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The Florida Wildlife Service (FWS) will now consider all permits for importing the remains of Elephants hunted in Zimbabwe and Zambia on a “case-by-case basis,” The Hill reported.

The action is a reversal from President Trump’s previous statements that his administration would keep the Obama-era ban on imports of the animals.

The FWS, overseen by Interior Department Secretary Ryan Zinke, issued a memorandum dated March 1 saying it will withdraw its Endangered Species Act (ESA) findings for trophies of #Elephants from the two African nations “effective immediately.”

“The findings are no longer effective for making individual permit determinations for imports of sport-hunted African elephant trophies,” the memo states. The FWS will now “grant or deny permits to import a sport-hunted trophy on a case-by-case basis.” The action is a reversal from President Trump’s previous statements that his administration would keep the Obama-era ban on imports of the animals.

Fish and Wildlife Service (FWS), overseen by Interior Department Secretary Ryan Zinke, issued a memorandum dated March 1 saying it will withdraw its Endangered Species Act (ESA) findings for trophies of elephants from the two African nations “effective immediately.”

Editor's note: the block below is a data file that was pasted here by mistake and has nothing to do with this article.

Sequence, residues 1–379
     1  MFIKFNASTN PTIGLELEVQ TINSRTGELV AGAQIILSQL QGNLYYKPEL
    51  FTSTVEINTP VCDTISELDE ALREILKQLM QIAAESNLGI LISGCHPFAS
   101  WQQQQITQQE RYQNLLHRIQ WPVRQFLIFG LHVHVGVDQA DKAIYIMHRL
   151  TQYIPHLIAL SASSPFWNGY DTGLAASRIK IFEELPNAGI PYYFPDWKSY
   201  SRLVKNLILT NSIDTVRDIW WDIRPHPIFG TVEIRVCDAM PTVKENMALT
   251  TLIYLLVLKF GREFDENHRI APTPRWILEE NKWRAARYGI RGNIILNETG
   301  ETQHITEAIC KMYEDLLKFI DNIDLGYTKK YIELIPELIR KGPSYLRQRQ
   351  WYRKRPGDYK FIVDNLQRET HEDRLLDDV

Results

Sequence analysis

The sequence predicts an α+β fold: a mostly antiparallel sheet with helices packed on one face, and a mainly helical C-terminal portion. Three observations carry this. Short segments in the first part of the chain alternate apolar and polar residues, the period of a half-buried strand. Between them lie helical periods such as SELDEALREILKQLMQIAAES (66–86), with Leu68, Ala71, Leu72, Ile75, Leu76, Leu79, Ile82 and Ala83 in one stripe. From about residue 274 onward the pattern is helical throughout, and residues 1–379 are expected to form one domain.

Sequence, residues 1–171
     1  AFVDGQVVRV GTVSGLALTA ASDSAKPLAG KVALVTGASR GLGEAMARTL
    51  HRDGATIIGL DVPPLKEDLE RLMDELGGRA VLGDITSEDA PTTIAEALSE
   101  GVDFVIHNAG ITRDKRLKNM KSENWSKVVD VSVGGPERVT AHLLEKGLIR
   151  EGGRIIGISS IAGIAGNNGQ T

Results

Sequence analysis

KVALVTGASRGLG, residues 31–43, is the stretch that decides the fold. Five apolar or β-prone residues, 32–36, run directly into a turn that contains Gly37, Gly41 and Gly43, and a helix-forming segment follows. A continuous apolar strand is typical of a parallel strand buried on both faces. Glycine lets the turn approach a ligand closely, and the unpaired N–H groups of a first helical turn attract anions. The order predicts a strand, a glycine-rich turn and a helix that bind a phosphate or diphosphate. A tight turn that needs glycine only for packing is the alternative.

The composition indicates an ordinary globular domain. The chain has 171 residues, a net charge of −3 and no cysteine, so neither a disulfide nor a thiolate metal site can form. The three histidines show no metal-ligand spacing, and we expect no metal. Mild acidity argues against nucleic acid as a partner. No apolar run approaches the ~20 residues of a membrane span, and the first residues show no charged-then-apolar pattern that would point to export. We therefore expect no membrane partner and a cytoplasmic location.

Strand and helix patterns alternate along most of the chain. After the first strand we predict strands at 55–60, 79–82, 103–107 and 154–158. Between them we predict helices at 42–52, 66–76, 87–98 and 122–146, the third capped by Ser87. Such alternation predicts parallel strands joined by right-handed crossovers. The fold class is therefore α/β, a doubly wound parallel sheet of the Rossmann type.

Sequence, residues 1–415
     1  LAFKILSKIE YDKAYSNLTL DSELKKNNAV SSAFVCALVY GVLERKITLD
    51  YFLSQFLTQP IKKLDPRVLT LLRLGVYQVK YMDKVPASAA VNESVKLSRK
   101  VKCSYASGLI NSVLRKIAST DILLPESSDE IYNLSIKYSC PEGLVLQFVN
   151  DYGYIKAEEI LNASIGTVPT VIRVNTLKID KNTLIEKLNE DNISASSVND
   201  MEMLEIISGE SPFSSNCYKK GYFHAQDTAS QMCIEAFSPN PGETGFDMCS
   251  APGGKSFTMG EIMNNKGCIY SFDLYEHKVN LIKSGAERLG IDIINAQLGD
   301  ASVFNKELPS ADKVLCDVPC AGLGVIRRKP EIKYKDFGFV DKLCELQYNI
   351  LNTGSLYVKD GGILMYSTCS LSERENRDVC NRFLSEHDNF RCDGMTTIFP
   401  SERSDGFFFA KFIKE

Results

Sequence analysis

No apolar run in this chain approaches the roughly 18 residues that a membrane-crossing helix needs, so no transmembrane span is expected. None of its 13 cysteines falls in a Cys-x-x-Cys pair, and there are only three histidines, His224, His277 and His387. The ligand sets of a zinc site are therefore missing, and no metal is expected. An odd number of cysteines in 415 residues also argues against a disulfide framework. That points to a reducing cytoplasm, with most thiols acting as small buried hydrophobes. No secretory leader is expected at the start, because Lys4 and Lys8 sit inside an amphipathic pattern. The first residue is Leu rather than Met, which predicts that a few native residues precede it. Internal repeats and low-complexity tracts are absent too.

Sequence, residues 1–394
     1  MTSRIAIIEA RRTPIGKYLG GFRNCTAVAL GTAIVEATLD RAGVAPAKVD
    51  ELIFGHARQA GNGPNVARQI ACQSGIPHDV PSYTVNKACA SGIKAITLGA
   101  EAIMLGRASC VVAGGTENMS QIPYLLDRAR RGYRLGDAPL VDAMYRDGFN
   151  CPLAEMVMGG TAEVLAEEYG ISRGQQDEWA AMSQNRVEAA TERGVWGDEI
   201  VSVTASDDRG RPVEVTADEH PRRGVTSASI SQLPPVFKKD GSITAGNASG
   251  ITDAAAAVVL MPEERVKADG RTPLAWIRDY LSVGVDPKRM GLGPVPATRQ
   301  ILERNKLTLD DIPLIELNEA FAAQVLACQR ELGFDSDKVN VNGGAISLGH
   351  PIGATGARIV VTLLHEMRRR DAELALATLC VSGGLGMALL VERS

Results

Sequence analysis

The memo also withdrew ESA-related findings for trophies of bontebok, elephants and lions hunted from several African countries. The ESA-findings “are no longer effective for making individual permit determinations for imports of those sport-hunted ESA-listed species.”

The FWS added that it is continuing to monitor the status and management of these species in their range countries. “At this time, when the Service processes these permit applications, the Service intends to do so on an individual basis, including making ESA enhancement determinations, and CITES non-detriment determinations when required, for each application.”

In 2014, President Obama’s administration banned the imports of elephant trophies to protect the species. “Additional killing of elephants in these countries, even if legal, is not sustainable and is not currently supporting conservation efforts that contribute towards the recovery of the species,” they said at the time.

But on Nov. 15, FWS announced it was rescinding the ban, saying money generated by the hunting goes toward conservation efforts. Incidentally, the policy switch was first announced by Safari Club International, a hunting advocacy group, with ties to Zinke, that teamed up with the National Rifle Association to sue to block the 2014 ban.

The decision was met with widespread public outcry. But in a surprise move to many, Trump himself stepped in to block the change. In November, Trump tweeted, and Zinke later reiterated, a decision to put elephant trophy imports “on hold” out of the belief that “conservation and healthy herds are critical.”

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“In response to a recent D.C. Circuit Court’s opinion, the U.S. Fish and Wildlife Service is revising its procedure for assessing applications to import certain hunted species. We are withdrawing our countrywide enhancement findings for a range of species across several countries,” a FWS spokesperson said in a statement published on The Hill. “In their place, the Service intends to make findings for trophy imports on an application-by-application basis.”

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